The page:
In re B.W.S.

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Justia Opinion Summary

The State petitioned for permanent legal custody and the termination of Mother’s parental rights to B.W.S. because Mother failed to complete a court-ordered treatment plan. After a termination hearing, Judge Olson terminated Mother’s parental rights. The Supreme Court reversed the termination order and remanded for a new hearing before a different judge on the petition to terminate parental rights, holding (1) the district court’s failure to meet certain procedural deadlines did not affects its subject matter jurisdiction over this case; but (2) because Judge Olson served as counsel in the case, he was required to disqualify himself as a matter of law.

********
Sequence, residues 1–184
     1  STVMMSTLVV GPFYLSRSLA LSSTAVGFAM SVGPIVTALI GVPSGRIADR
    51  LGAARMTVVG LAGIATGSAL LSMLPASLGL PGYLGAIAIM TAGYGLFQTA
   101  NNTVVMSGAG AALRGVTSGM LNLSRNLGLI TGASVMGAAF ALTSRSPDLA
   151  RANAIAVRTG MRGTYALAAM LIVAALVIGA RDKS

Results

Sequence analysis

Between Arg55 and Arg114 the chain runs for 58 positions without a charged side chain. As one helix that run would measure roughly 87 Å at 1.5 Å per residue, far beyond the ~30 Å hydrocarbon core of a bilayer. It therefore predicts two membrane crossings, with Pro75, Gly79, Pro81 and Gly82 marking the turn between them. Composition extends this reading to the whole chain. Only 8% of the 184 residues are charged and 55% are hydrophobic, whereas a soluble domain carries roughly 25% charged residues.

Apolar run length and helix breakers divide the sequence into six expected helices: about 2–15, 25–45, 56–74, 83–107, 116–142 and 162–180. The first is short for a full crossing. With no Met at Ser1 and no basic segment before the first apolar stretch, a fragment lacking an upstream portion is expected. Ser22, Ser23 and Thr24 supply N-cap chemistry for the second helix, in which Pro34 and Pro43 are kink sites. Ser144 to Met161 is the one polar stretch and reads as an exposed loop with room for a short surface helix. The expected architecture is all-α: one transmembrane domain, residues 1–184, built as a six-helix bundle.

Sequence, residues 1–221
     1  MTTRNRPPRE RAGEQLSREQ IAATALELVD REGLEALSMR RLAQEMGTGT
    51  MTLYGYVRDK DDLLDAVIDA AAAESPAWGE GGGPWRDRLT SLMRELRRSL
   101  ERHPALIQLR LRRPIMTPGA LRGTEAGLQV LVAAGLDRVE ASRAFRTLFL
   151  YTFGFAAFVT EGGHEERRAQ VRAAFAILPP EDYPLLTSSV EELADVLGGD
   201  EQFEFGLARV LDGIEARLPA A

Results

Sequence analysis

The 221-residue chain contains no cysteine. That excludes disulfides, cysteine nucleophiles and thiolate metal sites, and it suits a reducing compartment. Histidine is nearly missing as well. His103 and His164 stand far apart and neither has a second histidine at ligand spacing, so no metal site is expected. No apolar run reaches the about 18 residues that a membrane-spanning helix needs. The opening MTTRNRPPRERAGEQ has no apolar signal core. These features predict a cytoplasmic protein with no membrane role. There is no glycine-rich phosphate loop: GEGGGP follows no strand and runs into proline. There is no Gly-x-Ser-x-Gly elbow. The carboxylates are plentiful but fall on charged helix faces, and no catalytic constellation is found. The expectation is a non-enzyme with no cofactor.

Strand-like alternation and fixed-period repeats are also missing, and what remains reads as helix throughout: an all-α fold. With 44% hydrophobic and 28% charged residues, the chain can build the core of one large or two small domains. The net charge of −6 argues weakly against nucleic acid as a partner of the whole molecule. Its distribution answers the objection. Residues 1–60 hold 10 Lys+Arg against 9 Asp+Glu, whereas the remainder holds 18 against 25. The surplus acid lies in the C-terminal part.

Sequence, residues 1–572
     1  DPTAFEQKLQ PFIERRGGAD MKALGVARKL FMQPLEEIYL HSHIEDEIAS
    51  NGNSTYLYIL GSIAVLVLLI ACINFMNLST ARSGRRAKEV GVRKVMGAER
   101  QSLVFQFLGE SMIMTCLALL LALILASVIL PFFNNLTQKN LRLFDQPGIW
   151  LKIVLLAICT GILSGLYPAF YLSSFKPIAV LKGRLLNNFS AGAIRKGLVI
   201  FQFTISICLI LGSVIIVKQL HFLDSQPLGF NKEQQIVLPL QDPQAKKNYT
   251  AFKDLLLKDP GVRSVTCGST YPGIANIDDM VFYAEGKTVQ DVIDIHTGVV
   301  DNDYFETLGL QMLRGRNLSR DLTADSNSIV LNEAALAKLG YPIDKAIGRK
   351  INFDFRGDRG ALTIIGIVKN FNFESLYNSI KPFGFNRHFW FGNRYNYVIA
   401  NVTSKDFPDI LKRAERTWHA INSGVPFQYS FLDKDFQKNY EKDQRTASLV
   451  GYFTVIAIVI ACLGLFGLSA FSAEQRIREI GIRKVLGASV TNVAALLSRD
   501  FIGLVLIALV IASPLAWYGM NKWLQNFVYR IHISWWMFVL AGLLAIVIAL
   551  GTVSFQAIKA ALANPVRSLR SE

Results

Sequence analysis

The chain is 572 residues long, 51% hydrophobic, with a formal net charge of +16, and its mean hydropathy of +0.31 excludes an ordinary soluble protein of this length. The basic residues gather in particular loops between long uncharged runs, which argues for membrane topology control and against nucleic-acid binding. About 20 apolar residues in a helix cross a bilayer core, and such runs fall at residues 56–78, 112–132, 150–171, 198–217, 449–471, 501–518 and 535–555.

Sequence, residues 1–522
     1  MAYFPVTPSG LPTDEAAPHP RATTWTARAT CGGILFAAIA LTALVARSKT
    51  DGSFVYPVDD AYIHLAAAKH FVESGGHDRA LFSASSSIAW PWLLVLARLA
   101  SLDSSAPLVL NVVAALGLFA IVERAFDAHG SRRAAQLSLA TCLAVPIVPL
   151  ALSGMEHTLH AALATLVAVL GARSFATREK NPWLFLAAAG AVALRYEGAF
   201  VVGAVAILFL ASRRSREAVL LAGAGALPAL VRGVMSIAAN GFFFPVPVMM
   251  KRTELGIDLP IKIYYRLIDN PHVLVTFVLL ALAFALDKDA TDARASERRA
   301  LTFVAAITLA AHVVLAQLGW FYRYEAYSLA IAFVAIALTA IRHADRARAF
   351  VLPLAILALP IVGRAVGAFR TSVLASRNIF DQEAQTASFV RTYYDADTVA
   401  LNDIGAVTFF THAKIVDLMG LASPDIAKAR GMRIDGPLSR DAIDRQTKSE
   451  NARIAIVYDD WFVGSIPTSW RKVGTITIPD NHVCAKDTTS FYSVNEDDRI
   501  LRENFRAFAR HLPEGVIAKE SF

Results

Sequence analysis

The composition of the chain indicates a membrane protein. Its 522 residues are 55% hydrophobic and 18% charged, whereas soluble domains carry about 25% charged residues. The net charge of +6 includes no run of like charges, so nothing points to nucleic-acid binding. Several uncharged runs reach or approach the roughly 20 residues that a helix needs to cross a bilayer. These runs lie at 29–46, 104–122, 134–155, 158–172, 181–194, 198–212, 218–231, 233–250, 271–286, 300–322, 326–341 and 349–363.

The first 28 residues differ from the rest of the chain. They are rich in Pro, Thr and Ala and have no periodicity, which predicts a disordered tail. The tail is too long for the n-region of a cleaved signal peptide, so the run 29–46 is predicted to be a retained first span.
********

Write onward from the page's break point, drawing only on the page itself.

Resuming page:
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July 29 2014 DA 13-0792 IN THE SUPREME COURT OF THE STATE OF MONTANA 2014 MT 198 IN THE MATTER OF: B.W.S., A Youth in Need of Care. APPEAL FROM: District Court of the Ninth Judicial District, In and For the County of Glacier, Cause No. DN 12-01 Honorable Robert G. Olson, Presiding Judge COUNSEL OF RECORD: For Appellant: Kathryn McEnery; McEnery Law Office, PLLC; Kalispell, Montana For Appellee: Timothy C. Fox, Montana Attorney General; Tammy K Plubell, Assistant Attorney General; Helena, Montana Carolyn Berkram, Glacier County Attorney; Cut Bank, Montana Submitted on Briefs: July 2, 2014 Decided: July 29, 2014 Filed: __________________________________________ Clerk Justice Beth Baker delivered the Opinion of the Court. ¶1 T.L.S. (Mother) appeals an order of the Ninth Judicial District Court terminating her parental rights to her minor child, B.W.S. We address the following issues on appeal: ¶2 1. Whether the District Court lacked subject matter jurisdiction because several statutory deadlines had passed. ¶3 2. Whether Judge Olson was required to disqualify himself as a matter of law. ¶4 We affirm in part and reverse in part. PROCEDURAL AND FACTUAL BACKGROUND ¶5 In February 2012, the State filed a Petition for Emergency Protective Services and Temporary Investigative Authority. The State, on behalf of the Department of Public Health and Human Services (DPHHS), alleged abuse and neglect of the infant B.W.S. by her mother. Presiding District Judge Laurie McKinnon immediately ordered appointment of a Court-Appointed Special Advocate and Guardian ad Litem (CASA/GAL) for B.W.S. and appointed counsel to represent the CASA/GAL, B.W.S., and Mother. On February 6, 2012, attorney Robert G. Olson was assigned as counsel for the CASA/GAL. After a show cause hearing held on February 8, 2012, Judge McKinnon issued an order on March 20, 2012, that granted temporary investigative authority to DPHHS until May 8, 2012. ¶6 Venue issues caused delays as the case moved forward. On March 21, 2012, the State moved the court to transfer venue to Cascade County because Mother had moved to Great Falls. The court granted the petition, but reassumed jurisdiction of the case on May 21, 2012, after Mother left Montana. 2 ¶7 The State petitioned for adjudication of B.W.S. as a Youth in Need of Care and for temporary legal custody. An adjudicatory hearing was held on June 20, 2012. Olson appeared at the hearing on behalf of the CASA/GAL. The Court held that B.W.S. was a youth in need of care and allowed DPHHS to place B.W.S. in foster care. The court held a dispositional hearing on September 6, 2012. Judge McKinnon acknowledged that she did not hold the dispositional hearing within twenty days of the adjudication as required by law. Following the dispositional hearing, the court adopted and ordered a treatment plan for Mother and extended temporary legal custody of B.W.S. to DPHHS for six months. ¶8 Olson was granted leave to withdraw as counsel for the CASA/GAL on December 6, 2012, following his election to replace Judge McKinnon as the new District Court Judge for the Ninth Judicial District.1 Judge Olson presided over a status hearing in this case on February 13, 2013. ¶9 On March 5, 2013, the State petitioned for permanent legal custody and the termination of Mother s parental rights on the basis that Mother failed to complete the court-ordered treatment plan. Judge Olson presided over a permanency plan hearing on May 22, 2013, and held a termination hearing on September 25, 2013. He entered an order on November 8, 2013, terminating Mother s parental rights and granting DPHHS permanent legal custody with the right to consent to adoption. Mother appeals the order terminating her parental rights. 1 Judge McKinnon was elected to the Montana Supreme Court in November 2012. She recused herself from participation in this case on appeal. 3 STANDARD OF REVIEW ¶10 Whether a court possesses subject matter jurisdiction is a question of law. Watson v. West, 2011 MT 57, ¶ 15, 360 Mont. 9, 250 P.3d 845. Whether a district court violated a parent s constitutional right to fundamentally fair proceedings is a question of constitutional law for which this Court s review is plenary. In re J.W., 2013 MT 201, ¶ 25, 371 Mont 98, 307 P.3d 274. DISCUSSION ¶11 1. Whether the District Court lacked subject matter jurisdiction because several statutory deadlines had passed. ¶12 Mother argues that the District Court was divested of subject matter jurisdiction to terminate her parental rights because the court missed several statutory deadlines early in the proceedings. An order granting temporary investigative authority expires after 90 days. Section 41-3-433, MCA. An adjudication hearing must be held within 90 days of a show cause hearing. Section 41-3-437(1), MCA. The District Court held a show cause hearing on Feb. 8, 2012, and granted temporary investigative authority to DPHHS. The adjudicatory hearing was held June 20, 2012, at which time the court adjudicated B.W.S. a youth in need of care and granted the State s petition for temporary legal custody. More than 90 days passed between these events, violating the deadlines in both § 41-3-433 and § 41-3-437(1), MCA. Finally, under § 41-3-438(1), MCA, a dispositional hearing must be held on a petition within 20 days after an adjudicatory order has been entered. Adjudication occurred on June 20, 2012, but the dispositional hearing was held on July 25, 2012, after more than 20 days had passed. 4 ¶13 The Montana Constitution establishes the subject matter jurisdiction of the district courts. Mont. Const. art. VII, § 4. Subject matter jurisdiction is the court s fundamental authority to hear and adjudicate a particular class of case or proceeding. Lorang v. Fortis Ins. Co., 2008 MT 252, ¶¶ 56-57, 345 Mont. 12, 192 P.3d 186. The District Court s constitutional authority to hear this type of case is not affected by its failure to follow statutorily-prescribed procedural deadlines. In re A.D.B., 2013 MT 167, ¶ 54, 370 Mont. 422, 305 P.3d 739 (citing BNSF Ry. Co. v. Cringle, 2010 MT 290, ¶ 13, 359 Mont. 20, 247 P.3d 706). ¶14 Mother challenges only the court s subject matter jurisdiction; she does not claim that she was prejudiced by the slight delays or dispute the fundamental fairness of the proceedings. We have observed that it is important for the District Court to meet deadlines and handle custody cases expeditiously. In re A.J.S., 193 Mont. 79, 86, 630 P.2d 217, 222 (1981). In matters involving abused and neglected children, however, we have consistently held that a district court may protect the children s best interest despite procedural errors. In re F.H., 266 Mont. 36, 39, 878 P.2d 890, 892 (1994). We hold that the District Court s failure to meet certain procedural deadlines did not affect its subject matter jurisdiction over this case. ¶15 2. Whether Judge Olson was required to disqualify himself as a matter of law. ¶16 Recusal of judges in Montana is governed by § 3-1-803, MCA, and Supreme Court Rule 2.12 of the Code of Judicial Conduct. Reichert v. State, 2012 MT 111, ¶¶ 41-42, 365 Mont. 92, 278 P.3d 455. The statute provides that [a]ny . . . judge . . . 5 must not sit or act in any action or proceeding . . . [w]hen he has been attorney or counsel in the action or proceeding for any party . . . . Section 3-1-803(3), MCA. The Code of Judicial Conduct additionally states that a judge should disqualify himself when he served as a lawyer in the matter in controversy. Rule 2.12(A)(5)(a), Code of Judicial Conduct; Bullman v. State, 2014 MT 78, ¶ 14, 374 Mont 323, 321 P.3d 121. ¶17 The State concedes that Judge Olson should have recused himself from the case. Judge Olson presided over the permanency plan and termination hearings after having actively represented the CASA/GAL in several hearings as counsel in the same case. A natural parent has a fundamental liberty interest in the care and custody of a child, which must be protected by fundamentally fair procedures at all stages of the proceedings for the termination of parental rights. In re B.N.Y., 2003 MT 241, ¶ 21, 317 Mont. 291, 77 P.3d 189. Judge Olson served as counsel in the case and was required to disqualify himself as a matter of law. ¶18 Mother also argues that the District Court abused its discretion in terminating her parental rights to B.W.S. without first appointing her a guardian ad litem. Mother was never adjudicated incompetent, however, and no guardian ad litem was requested for her by counsel. Because we are ordering a new hearing on the termination petition, we decline to consider this issue further. Finally, for the same reason, there is no need to address Mother s claim of ineffective assistance of counsel. 6 CONCLUSION ¶19 The District Court retained jurisdiction over the case despite procedural irregularities early in the proceeding. We reverse the termination order and remand for a new hearing before a different judge on the petition to terminate parental rights. /S/ BETH BAKER We concur: /S/ MIKE McGRATH /S/ PATRICIA COTTER /S/ MICHAEL E WHEAT /S/ JIM RICE 7